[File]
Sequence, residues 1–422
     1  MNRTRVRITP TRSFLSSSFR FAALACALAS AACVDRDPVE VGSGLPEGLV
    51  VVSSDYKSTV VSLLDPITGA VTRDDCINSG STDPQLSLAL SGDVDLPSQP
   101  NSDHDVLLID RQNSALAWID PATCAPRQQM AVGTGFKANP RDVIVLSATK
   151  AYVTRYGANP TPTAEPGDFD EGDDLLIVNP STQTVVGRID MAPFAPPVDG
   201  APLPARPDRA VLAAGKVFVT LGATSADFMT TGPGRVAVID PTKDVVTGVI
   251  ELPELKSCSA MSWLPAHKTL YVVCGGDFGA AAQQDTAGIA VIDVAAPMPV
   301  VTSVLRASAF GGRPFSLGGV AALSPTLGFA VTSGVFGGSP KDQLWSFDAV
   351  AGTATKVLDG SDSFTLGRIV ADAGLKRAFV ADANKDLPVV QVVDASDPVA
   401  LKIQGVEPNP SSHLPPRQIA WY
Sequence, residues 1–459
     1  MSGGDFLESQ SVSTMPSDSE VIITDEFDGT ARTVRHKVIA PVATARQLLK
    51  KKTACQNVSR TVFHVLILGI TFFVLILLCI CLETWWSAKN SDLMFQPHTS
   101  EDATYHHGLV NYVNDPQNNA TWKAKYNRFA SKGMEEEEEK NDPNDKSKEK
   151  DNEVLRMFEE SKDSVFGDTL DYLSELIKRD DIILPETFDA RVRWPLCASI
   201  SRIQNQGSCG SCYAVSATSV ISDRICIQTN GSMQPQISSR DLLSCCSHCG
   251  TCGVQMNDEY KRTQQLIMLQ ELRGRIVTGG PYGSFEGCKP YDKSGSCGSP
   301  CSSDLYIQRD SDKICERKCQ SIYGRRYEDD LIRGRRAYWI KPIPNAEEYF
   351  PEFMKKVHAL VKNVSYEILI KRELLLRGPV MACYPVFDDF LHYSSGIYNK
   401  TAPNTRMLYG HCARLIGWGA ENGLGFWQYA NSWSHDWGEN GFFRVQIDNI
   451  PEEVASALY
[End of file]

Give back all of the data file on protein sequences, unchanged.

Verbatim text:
Sequence, residues 1–422
     1  MNRTRVRITP TRSFLSSSFR FAALACALAS AACVDRDPVE VGSGLPEGLV
    51  VVSSDYKSTV VSLLDPITGA VTRDDCINSG STDPQLSLAL SGDVDLPSQP
   101  NSDHDVLLID RQNSALAWID PATCAPRQQM AVGTGFKANP RDVIVLSATK
   151  AYVTRYGANP TPTAEPGDFD EGDDLLIVNP STQTVVGRID MAPFAPPVDG
   201  APLPARPDRA VLAAGKVFVT LGATSADFMT TGPGRVAVID PTKDVVTGVI
   251  ELPELKSCSA MSWLPAHKTL YVVCGGDFGA AAQQDTAGIA VIDVAAPMPV
   301  VTSVLRASAF GGRPFSLGGV AALSPTLGFA VTSGVFGGSP KDQLWSFDAV
   351  AGTATKVLDG SDSFTLGRIV ADAGLKRAFV ADANKDLPVV QVVDASDPVA
   401  LKIQGVEPNP SSHLPPRQIA WY
Sequence, residues 1–459
     1  MSGGDFLESQ SVSTMPSDSE VIITDEFDGT ARTVRHKVIA PVATARQLLK
    51  KKTACQNVSR TVFHVLILGI TFFVLILLCI CLETWWSAKN SDLMFQPHTS
   101  EDATYHHGLV NYVNDPQNNA TWKAKYNRFA SKGMEEEEEK NDPNDKSKEK
   151  DNEVLRMFEE SKDSVFGDTL DYLSELIKRD DIILPETFDA RVRWPLCASI
   201  SRIQNQGSCG SCYAVSATSV ISDRICIQTN GSMQPQISSR DLLSCCSHCG
   251  TCGVQMNDEY KRTQQLIMLQ ELRGRIVTGG PYGSFEGCKP YDKSGSCGSP
   301  CSSDLYIQRD SDKICERKCQ SIYGRRYEDD LIRGRRAYWI KPIPNAEEYF
   351  PEFMKKVHAL VKNVSYEILI KRELLLRGPV MACYPVFDDF LHYSSGIYNK
   401  TAPNTRMLYG HCARLIGWGA ENGLGFWQYA NSWSHDWGEN GFFRVQIDNI
   451  PEEVASALY